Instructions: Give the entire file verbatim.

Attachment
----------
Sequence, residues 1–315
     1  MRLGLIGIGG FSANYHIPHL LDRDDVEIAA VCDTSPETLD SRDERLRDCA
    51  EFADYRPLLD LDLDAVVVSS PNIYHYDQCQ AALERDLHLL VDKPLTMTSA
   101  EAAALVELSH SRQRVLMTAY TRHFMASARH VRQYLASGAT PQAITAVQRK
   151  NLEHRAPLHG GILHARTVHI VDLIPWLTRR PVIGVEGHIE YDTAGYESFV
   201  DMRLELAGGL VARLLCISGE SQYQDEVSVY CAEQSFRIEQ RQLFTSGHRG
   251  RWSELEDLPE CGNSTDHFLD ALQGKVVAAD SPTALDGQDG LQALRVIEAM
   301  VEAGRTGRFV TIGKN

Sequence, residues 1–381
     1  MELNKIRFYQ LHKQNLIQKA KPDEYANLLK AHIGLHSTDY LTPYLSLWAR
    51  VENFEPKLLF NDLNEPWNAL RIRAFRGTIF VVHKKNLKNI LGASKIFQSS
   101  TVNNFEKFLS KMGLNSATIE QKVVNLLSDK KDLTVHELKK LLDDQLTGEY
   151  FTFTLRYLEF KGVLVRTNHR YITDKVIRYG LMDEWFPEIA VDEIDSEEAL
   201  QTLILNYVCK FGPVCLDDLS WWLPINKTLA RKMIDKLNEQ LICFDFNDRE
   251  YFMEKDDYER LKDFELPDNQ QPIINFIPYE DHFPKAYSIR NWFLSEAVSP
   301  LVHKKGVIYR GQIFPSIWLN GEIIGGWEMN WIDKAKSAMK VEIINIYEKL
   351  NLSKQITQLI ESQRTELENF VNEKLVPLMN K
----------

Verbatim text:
Sequence, residues 1–315
     1  MRLGLIGIGG FSANYHIPHL LDRDDVEIAA VCDTSPETLD SRDERLRDCA
    51  EFADYRPLLD LDLDAVVVSS PNIYHYDQCQ AALERDLHLL VDKPLTMTSA
   101  EAAALVELSH SRQRVLMTAY TRHFMASARH VRQYLASGAT PQAITAVQRK
   151  NLEHRAPLHG GILHARTVHI VDLIPWLTRR PVIGVEGHIE YDTAGYESFV
   201  DMRLELAGGL VARLLCISGE SQYQDEVSVY CAEQSFRIEQ RQLFTSGHRG
   251  RWSELEDLPE CGNSTDHFLD ALQGKVVAAD SPTALDGQDG LQALRVIEAM
   301  VEAGRTGRFV TIGKN

Sequence, residues 1–381
     1  MELNKIRFYQ LHKQNLIQKA KPDEYANLLK AHIGLHSTDY LTPYLSLWAR
    51  VENFEPKLLF NDLNEPWNAL RIRAFRGTIF VVHKKNLKNI LGASKIFQSS
   101  TVNNFEKFLS KMGLNSATIE QKVVNLLSDK KDLTVHELKK LLDDQLTGEY
   151  FTFTLRYLEF KGVLVRTNHR YITDKVIRYG LMDEWFPEIA VDEIDSEEAL
   201  QTLILNYVCK FGPVCLDDLS WWLPINKTLA RKMIDKLNEQ LICFDFNDRE
   251  YFMEKDDYER LKDFELPDNQ QPIINFIPYE DHFPKAYSIR NWFLSEAVSP
   301  LVHKKGVIYR GQIFPSIWLN GEIIGGWEMN WIDKAKSAMK VEIINIYEKL
   351  NLSKQITQLI ESQRTELENF VNEKLVPLMN K